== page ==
. By Monique Stock
Back in 1957, a group of monks from a monastery in Bangkok, Thailand had to relocate a ten-and-a half-foot tall clay Buddha from their temple to a new location.
The reason? The monastery was to be relocated to make room for the development of a highway through Bangkok. This highway would run right through the existing location of the monastery.
The monks called in a crane to help them with this delicate operation. However, when the crane began to lift the giant statue, the weight of it was so tremendous that the statue began to crack. What’s more, rain began to fall.
The head monk, who was understandably anxious about possible damage to the sacred clay Buddha, decided to lower the statue back to the ground and cover it with a large canvas tarpaulin to protect it from the rain. They could try again the next day.
Later that evening, unable to sleep because of his anxiety over the clay Buddha, the head monk went to check on the Buddha. He shone his flashlight under the tarpaulin to check if the Buddha was staying dry.
As the light reached the crack made earlier when trying to lift the clay Buddha, the head monk noticed a small gleam shining back at him and thought it somewhat strange. He was immediately curious.
As he took a closer look at this gleam of light, he wondered if there might be something underneath the clay. So, he went to fetch a chisel and hammer from the monastery and began to carefully chip away at the clay.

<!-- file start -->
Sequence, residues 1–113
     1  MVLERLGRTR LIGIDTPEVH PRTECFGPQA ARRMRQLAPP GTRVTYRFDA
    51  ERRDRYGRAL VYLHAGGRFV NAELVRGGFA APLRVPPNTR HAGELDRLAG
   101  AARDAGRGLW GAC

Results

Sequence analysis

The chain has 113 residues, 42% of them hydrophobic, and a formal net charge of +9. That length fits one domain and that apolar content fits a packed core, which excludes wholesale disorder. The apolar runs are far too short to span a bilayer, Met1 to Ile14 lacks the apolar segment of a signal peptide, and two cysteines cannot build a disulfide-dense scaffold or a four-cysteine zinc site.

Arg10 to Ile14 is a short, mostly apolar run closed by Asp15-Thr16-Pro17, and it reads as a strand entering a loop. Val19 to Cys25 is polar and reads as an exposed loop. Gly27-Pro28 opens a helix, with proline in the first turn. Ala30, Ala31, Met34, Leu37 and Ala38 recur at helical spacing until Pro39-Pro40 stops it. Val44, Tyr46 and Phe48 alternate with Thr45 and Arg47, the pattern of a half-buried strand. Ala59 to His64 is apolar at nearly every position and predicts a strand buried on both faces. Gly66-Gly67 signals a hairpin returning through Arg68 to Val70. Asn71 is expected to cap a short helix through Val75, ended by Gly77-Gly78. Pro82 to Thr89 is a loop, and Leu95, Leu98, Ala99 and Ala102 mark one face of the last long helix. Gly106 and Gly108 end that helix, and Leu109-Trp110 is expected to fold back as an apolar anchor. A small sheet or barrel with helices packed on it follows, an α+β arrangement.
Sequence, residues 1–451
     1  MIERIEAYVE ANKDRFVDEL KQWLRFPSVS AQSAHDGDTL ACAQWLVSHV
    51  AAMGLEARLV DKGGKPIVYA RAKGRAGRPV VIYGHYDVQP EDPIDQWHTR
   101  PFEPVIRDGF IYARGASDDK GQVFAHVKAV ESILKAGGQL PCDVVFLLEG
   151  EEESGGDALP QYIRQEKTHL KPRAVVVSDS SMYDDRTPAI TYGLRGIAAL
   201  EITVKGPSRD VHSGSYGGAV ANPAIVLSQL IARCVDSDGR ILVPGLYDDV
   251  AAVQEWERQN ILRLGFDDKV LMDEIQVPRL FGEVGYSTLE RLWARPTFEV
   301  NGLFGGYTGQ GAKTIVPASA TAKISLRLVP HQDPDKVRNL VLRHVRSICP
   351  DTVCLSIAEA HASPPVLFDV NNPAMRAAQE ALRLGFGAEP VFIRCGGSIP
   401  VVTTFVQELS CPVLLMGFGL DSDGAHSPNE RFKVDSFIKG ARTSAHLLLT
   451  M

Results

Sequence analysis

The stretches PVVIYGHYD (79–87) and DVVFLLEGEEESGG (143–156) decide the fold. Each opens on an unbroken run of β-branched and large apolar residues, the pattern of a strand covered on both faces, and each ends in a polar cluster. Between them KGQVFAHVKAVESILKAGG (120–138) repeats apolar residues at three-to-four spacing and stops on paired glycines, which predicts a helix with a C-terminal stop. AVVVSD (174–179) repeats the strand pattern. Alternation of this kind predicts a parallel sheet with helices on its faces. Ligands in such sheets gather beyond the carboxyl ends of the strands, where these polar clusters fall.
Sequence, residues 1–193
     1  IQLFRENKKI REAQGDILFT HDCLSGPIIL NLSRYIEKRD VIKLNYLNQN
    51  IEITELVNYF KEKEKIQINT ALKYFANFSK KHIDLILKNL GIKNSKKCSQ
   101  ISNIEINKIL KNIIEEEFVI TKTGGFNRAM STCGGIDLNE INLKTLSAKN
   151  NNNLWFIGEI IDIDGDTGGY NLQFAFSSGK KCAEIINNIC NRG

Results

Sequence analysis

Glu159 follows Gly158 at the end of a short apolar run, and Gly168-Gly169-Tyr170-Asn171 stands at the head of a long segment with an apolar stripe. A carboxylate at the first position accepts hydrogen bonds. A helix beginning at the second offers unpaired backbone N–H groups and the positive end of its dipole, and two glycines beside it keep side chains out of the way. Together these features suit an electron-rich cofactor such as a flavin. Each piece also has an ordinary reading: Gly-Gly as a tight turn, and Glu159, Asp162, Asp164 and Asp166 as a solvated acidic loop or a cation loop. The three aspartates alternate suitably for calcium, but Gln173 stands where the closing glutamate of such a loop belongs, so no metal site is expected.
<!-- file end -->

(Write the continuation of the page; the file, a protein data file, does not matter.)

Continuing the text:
As he knocked off pieces of the outer clay, the little gleam grew brighter and bigger. Many hours of work went by before the head monk stood face to face with the unexpected. An extraordinary solid gold Buddha stood in all its glory before the head monk.
History tells us that many hundreds of years before the head monk’s discovery, the Burmese army was about to invade Siam (now Thailand). The Siamese monks, realising that their country would soon be attacked, were fearful that the Burmese would destroy the monastery. They were also fearful that their treasured golden Buddha would be looted.
The question was: where could they hide such a huge statue? It was too heavy for them to move. The answer was obvious; hide it in plain sight. So, they covered their precious golden Buddha with clay to hide it from the invaders.
Unfortunately, the monks’ fears were well-founded. The Burmese slaughtered all the Siamese monks and the well-kept secret of the golden Buddha died with them. It remained hidden until that fateful day in 1957.
We are all like that golden Buddha. WE have covered our true, golden essence with a layer of clay; a layer of hardness created out of fear and pain. A layer of determined invulnerability.
We have forgotten who we truly are in our desire to protect ourselves and keep ourselves safe from others and the disappointments of life.
And much like the head monk in this story, our job now is to use our hammer and chisel to discover and release our true character once again. To let our own light shine.
What would happen in your life today if you liberated the greatness which lies within you, within each of us, by finally BELIEVING that you are whole, competent and resourceful? And by seeing others in the same way?
I would like to acknowledge Jack Canfield for the original version of this story which he and Mark Victor Hansen included in their wonderful book ‘Chicken Soup for the Soul #1’ published in 1993.